1) High dose Vitamin D3 in rodents is a toxin. The problem I have with this argument is that the amount they give the rats is about 10-20x what a person would actually supplement with.  Also, there’s no discussion about whether the biologics of rodent vitamin D metabolism mimic humans.  Considering that they are nocturnal animals,  the biology could certainly be different…
That said, lets say that based upon these results, you shouldn’t be taking extreme levels of vitamin D (above 30000 IU/day).
2) The Vitamin K/Calcium axis.  This is actually a really important point that many people overlook.  If you have a vitamin K issue, then high dose vitamin D could actually be a big problem.  The problem I have is that the author goes on to basically state that if you’re vitamin K deficient you shouldn’t take vitamin D.  Personally,  if I was deficient in vitamin K, I’d fix my levels of vitamin K and not avoid taking vitamin D completely.  This is like saying, well my car is low on oil so I stopped putting gas in the car to prevent it from overheating.  Should people low in vitamin K avoid the sun?
I’ve looked and while some blogs like to say that vitamin K deficiency is common, the evidence out there to support this is pretty weak.   You cannot just base levels off of food intake because  vitamin K2 metabolism is tied to the microbiome.  Nevertheless, if you are consuming leafy green vegetables, then you should be fine outside of rare genetic diseases.  This leafy green vegetable thing is about to get very repetitive.
3) Magnesium: You’ll notice that in my supplements page, I list a magnesium supplement.  Also, the same leafy green veggies I listed above are also really high in magnesium.  I think the authors point is a good one, but again, I think the take home message should be to get your other nutrient levels to appropriate levels and NOT to avoid vitamin D if you are showing signs of deficiency.
4) Vitamin A:  So vitamin A deficiency is a real problem but mostly in third world countries.  In the United States, you’d be shocked at just how many foods are fortified with Vitamin A.  As a result, people here are typically not vitamin A deficient.  Now, if you eat an all natural organic diet, you aren’t getting any of those FORTIFIED vitamin A fortified foods of course, but the good news is that leafy green vegetables, grass fed beef and many other paleo-type foods which you are likely eating have TONS of vitamin A.
PART II
Now, there are in fact some really interesting new observations about vitamin D levels and health.  One of these is a study with over 1 million people showing that the lowest mortality from a multitude of causes correlated with vitamin 25D levels between 20 ng/mL and 36 ng/mL.   That’s somewhat surprising because the medical community says that the LOWEST your levels should be is about 30 ng/ml and that your better off with levels closer to 50 ng/ml.  Interestingly, there are a couple other studies showing just the same thing… that optimal levels are around 30-35 ng/ml.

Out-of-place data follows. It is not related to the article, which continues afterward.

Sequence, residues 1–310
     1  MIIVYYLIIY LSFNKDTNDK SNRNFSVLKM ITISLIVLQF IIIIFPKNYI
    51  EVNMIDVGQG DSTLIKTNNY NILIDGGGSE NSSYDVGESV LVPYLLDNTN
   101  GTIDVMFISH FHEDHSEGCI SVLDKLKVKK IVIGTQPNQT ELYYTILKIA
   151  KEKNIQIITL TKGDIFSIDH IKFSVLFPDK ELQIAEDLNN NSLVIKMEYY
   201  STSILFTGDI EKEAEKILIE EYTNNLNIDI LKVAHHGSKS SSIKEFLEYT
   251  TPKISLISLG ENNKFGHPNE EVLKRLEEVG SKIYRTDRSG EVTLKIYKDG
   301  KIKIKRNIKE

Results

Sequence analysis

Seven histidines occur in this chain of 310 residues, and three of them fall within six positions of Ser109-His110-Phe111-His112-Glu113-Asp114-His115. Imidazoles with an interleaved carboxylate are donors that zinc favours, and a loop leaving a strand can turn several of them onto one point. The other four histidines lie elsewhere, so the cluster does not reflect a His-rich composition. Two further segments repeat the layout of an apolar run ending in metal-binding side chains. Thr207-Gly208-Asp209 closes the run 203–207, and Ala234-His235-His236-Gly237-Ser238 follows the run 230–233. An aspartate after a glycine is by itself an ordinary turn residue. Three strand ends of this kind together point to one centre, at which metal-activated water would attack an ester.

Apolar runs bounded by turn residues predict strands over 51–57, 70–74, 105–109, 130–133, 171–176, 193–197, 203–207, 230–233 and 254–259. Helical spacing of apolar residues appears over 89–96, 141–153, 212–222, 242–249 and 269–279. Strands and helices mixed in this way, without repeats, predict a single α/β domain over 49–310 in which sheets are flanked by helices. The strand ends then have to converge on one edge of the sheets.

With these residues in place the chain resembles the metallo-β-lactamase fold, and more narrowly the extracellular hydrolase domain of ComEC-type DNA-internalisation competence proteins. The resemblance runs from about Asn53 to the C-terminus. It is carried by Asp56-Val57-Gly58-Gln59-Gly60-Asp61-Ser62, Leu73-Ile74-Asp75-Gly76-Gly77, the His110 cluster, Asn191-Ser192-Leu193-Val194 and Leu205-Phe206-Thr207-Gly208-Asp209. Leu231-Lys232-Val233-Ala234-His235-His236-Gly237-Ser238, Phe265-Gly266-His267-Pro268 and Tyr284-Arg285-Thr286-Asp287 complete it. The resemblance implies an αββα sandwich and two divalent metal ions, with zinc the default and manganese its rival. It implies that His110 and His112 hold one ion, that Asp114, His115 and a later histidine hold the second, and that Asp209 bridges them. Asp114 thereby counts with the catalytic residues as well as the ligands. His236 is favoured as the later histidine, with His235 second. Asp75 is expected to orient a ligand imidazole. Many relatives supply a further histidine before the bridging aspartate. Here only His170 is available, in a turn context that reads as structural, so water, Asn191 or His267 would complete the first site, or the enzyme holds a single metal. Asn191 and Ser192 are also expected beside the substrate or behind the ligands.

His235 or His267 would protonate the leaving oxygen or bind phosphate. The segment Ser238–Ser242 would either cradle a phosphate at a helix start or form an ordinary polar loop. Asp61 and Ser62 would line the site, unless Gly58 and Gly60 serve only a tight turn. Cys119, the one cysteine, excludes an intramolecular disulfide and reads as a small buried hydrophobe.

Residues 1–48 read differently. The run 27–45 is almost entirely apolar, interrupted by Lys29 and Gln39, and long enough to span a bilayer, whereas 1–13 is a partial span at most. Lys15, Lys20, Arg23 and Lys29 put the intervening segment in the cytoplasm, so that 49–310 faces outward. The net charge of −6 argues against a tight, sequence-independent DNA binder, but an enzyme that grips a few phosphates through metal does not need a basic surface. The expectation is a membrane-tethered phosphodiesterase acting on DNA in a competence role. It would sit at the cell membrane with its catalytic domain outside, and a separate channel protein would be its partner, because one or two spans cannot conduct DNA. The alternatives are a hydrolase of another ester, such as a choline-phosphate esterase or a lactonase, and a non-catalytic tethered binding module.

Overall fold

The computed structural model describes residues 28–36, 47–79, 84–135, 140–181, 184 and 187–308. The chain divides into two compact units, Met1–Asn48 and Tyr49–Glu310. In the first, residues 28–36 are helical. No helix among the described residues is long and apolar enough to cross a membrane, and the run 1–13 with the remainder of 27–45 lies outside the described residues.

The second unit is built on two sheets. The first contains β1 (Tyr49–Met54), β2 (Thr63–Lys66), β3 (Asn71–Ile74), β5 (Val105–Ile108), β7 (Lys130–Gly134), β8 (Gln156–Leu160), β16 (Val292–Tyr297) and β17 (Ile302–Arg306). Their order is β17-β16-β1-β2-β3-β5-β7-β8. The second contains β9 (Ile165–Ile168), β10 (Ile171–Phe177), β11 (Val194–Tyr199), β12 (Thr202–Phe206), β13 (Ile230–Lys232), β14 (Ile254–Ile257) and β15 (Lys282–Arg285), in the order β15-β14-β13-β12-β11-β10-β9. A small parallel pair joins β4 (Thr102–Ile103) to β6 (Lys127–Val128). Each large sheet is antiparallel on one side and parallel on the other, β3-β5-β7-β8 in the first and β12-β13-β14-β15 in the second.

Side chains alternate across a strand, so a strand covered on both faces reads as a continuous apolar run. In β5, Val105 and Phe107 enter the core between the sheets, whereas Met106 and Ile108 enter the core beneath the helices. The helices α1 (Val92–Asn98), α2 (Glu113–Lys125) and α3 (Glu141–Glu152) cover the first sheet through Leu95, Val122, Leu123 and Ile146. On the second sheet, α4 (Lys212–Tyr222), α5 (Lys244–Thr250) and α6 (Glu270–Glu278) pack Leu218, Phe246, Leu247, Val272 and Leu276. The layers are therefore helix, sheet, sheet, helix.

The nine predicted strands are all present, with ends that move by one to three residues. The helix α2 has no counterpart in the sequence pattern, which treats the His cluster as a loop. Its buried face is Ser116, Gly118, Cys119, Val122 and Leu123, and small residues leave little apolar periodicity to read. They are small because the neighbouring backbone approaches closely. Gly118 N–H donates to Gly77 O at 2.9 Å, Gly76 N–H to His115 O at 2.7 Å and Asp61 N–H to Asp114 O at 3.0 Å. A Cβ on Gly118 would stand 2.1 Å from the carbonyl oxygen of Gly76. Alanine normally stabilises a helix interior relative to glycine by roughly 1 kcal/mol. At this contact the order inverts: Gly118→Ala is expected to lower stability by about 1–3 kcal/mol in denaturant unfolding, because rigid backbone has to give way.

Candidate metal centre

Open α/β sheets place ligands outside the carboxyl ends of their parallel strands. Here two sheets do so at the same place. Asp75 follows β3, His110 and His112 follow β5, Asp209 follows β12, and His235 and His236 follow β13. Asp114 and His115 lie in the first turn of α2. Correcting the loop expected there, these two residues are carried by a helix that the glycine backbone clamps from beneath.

Now, there are a couple things to remember.
1) This data says that A correlates with B, not that A causes B… very important difference.
2) It does not mean that we should be avoiding vitamin D supplements, just that perhaps we don’t need to be driving levels so high by supplementing like crazy with 10000-50000 IU or more.  Doctors are DEFINITELY doing this in some patients for 4-5 weeks.  Not sure I’d want that much…
Ultimately, my recommendation is still pretty much the same as before.
1) GET IN THE SUN when possible.  The body is (for the most part) capable of limiting its vitamin D levels much better when we use sunlight as our source.
2) If you live in the middle of winter for 6 months, I still think some supplementation is a good idea.  1000 IU/day is probably still pretty safe but I also would advise having your levels checked annually to make sure you’re in that ~ 35 ng/ml range.
3) You’ve GOT to be eating green vegetables for reasons that go way beyond anything to do with vitamin D, but also to mitigate any potential risks with the vitamin D supplementation.
Hope this helps.

Welcome!

Welcome!

The world we live in has certainly become a confusing place when it comes to figuring out how to make healthy decisions.  Every week it seems like there’s a new fitness craze, dietary revolution, etc that completely contradicts what you were told the week before.  I’m here to try and help you sort through all the BS thats out there so you can achieve your health and fitness goals.

While no topic will be off-limit, I’ll focus mostly on topics related to gastrointestinal health, systemic inflammation and autoimmune disease, how to eat for health, longevity or athletic performance, and supplements that can help you achieve your goals.

Looking forward to getting some ideas out there!

Mike